Let’s put this as tactfully as possible: There’s a healthy tension between the General Assembly and local officials around ‘home rule’ issues.
This week showcased the up-and-down dynamics among the state legislature, schools, cities and counties. We made progress on some priorities for our region (and our state’s largest school district) but saw other priorities get derailed by legislative meddling. Pre-emption of local control (often at the behest of outside interests) is a growing epidemic, even by erstwhile defenders of government ‘closest to the people’ (just look at the trio of bills aimed at occupational licensing – HB1245, and SB419 and 399, described later).
There’s been a healthy debate recently about the financial plight of the Indianapolis Public Schools – pushback on the size of the district’s referendum request, tempered with the need to close its budget gap and protect progress on graduation rates, test scores, innovative school options and career-focused programs.
The district needs more revenue to avoid losing good teachers and sacrificing academic gains. But the Chamber’s IPS Operational Analysis has saved millions of dollars a year; a new and broader review of the district’s plans can find new ways to do ‘more with less.’ The referendum’s potential impact on taxpayers and the economy demands a thoughtful process with broad support for a long-term solution.
That is why the IPS board has voted to withdraw the proposed referendum from the May election (eying the November ballot). In the meantime, the Indy Chamber will work with the district’s leadership to build a broad coalition of community leaders to take another hard look at the numbers and the strategic and operational needs of IPS – and share the results with the public in advance of a potential November vote.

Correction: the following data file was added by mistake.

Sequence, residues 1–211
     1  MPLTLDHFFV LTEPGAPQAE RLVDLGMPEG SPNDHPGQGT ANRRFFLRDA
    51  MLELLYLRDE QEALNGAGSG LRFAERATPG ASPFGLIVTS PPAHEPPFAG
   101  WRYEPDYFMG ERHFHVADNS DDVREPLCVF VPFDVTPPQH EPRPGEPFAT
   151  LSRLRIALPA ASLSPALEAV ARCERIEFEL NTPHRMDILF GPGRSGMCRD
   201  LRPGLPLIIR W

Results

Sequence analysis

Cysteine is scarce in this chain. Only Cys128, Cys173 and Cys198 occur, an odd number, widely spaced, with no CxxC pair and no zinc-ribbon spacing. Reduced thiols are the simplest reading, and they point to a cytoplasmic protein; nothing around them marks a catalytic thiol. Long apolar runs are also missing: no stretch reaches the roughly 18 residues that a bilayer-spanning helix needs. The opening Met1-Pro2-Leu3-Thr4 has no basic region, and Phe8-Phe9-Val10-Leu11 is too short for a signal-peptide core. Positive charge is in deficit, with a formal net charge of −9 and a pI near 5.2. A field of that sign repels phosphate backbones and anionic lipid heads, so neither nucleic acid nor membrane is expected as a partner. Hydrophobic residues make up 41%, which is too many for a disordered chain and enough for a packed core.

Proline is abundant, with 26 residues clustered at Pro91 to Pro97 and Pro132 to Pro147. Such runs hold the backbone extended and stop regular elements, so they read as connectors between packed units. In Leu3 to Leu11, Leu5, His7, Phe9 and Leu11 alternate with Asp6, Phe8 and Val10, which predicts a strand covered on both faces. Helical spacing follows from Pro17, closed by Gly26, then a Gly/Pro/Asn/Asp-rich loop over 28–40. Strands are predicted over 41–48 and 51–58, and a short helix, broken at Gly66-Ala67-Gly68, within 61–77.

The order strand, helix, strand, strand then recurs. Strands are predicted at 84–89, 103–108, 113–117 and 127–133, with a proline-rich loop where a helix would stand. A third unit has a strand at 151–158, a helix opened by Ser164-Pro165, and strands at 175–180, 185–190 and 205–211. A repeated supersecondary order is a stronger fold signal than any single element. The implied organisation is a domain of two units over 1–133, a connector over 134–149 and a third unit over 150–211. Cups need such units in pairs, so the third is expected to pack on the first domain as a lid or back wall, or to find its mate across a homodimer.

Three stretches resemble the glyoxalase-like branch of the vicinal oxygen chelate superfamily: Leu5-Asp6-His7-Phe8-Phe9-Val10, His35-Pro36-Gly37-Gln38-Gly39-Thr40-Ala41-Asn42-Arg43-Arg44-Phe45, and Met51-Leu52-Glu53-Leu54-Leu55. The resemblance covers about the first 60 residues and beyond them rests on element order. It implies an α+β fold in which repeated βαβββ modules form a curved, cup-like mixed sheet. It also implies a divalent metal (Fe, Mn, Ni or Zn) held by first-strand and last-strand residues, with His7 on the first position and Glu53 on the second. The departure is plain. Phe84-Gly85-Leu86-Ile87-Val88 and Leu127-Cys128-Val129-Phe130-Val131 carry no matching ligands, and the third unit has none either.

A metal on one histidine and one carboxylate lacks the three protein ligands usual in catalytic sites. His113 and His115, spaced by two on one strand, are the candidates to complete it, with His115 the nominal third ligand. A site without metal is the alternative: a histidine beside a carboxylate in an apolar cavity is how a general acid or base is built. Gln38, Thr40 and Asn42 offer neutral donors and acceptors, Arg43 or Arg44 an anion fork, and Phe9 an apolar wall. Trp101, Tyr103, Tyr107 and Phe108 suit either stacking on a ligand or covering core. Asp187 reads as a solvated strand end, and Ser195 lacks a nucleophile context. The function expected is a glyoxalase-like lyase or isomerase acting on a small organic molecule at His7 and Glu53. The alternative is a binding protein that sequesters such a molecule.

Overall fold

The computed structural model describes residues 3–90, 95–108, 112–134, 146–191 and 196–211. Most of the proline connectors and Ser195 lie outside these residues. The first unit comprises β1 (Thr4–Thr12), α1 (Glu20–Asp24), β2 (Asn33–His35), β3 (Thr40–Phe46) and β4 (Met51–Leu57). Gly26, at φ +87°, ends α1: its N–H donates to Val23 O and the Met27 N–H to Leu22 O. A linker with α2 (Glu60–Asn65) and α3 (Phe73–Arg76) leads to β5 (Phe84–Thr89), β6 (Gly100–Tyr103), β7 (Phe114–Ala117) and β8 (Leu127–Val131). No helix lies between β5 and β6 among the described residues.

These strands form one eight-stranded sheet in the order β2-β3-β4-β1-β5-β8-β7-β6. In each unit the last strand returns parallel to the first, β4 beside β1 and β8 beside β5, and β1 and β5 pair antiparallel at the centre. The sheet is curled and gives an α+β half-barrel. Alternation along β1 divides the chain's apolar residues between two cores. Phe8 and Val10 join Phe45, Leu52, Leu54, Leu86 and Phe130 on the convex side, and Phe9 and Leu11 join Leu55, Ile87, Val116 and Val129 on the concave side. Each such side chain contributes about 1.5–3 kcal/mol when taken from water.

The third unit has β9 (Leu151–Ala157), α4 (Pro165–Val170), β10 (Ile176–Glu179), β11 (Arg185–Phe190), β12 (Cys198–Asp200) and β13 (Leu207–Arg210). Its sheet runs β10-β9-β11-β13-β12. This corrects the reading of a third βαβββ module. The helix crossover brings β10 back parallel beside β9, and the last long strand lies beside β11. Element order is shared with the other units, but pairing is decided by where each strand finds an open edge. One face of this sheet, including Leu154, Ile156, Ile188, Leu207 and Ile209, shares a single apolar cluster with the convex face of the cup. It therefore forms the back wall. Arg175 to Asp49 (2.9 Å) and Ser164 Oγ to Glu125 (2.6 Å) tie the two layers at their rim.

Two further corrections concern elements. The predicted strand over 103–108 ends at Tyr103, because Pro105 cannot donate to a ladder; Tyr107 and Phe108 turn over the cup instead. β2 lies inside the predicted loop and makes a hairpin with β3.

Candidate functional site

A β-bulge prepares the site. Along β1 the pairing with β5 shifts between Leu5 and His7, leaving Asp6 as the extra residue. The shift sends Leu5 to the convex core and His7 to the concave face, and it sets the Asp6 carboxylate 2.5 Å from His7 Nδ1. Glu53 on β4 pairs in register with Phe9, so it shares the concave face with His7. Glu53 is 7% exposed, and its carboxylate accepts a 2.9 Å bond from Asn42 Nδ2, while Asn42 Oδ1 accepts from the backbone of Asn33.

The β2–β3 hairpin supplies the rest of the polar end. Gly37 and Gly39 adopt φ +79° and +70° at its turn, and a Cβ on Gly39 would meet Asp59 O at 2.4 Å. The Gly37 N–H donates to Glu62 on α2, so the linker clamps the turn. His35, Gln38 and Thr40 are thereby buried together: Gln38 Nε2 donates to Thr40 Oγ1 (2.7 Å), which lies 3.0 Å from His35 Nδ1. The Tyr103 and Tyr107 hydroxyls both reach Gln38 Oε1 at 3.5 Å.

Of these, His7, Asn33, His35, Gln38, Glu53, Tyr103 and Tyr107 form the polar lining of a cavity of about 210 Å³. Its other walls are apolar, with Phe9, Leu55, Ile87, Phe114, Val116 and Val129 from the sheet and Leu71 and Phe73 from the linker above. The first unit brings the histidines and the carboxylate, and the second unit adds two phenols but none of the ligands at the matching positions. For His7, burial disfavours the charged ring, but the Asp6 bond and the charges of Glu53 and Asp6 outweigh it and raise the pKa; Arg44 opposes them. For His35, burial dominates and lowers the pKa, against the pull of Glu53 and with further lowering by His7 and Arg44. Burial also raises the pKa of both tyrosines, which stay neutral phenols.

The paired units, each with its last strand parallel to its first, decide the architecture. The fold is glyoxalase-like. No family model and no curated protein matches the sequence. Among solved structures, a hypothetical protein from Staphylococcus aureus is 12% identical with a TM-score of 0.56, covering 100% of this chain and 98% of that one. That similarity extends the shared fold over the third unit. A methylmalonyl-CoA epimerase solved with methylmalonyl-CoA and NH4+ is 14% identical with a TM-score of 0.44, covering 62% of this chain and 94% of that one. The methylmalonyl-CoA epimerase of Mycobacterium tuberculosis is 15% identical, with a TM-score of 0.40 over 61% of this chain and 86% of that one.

(Michael Huber and IPS Board President Michael O’Connor describe the path forward in the Indy Star.)
State & Local Government 101
The IPS referendum is a local issue tangled up with the legislature. State funding hasn’t kept up with current expenses or future aspirations for IPS, with a funding formula that disadvantages urban districts and a single official ‘count day’ for enrollment that has wreaked havoc with budgets across the state (hence the need for the K-12 ‘bailout’ from the general fund in HB1001 and SB189).
There was movement on productive proposals to align school curricula with the state’s high-tech economy. SB172 passed the House and the amended version was agreed to by the Senate, requiring schools to offer classes for a computer science curriculum and creating the Next Level Computer Science Grant Program and Fund for teacher development programs in computer science.
This was a much better use of legislative time and energy on education than, say, trying to overrule local school boards and education experts on fall semester start dates. Which brings us to Senator Mike Delph.
In another example of the Home Rule being overruled, Senator Mike Delph introduced a poison pill amendment to HB1080 mixing up transit in the politics of patching up potholes.
HB1080 would have lifted the ban on light rail projects in Central Indiana (part of a compromise to gain initial authority for regional mass transit expansion). While the Marion County Transit Plan uses expanded bus service and bus rapid transit routes to connect people, employers and neighborhoods, the region deserves the flexibility to consider light rail as we look towards the future.
Senator Delph’s passion for street conditions without providing an actual solution (considering his vocal opposition to the widely-supported gas tax last session) led him to call for diverting dedicated transit dollars and maintaining rail prohibition without a written local plan for funding and fixing potholes (which already exists)– effectively killing the bill for this year.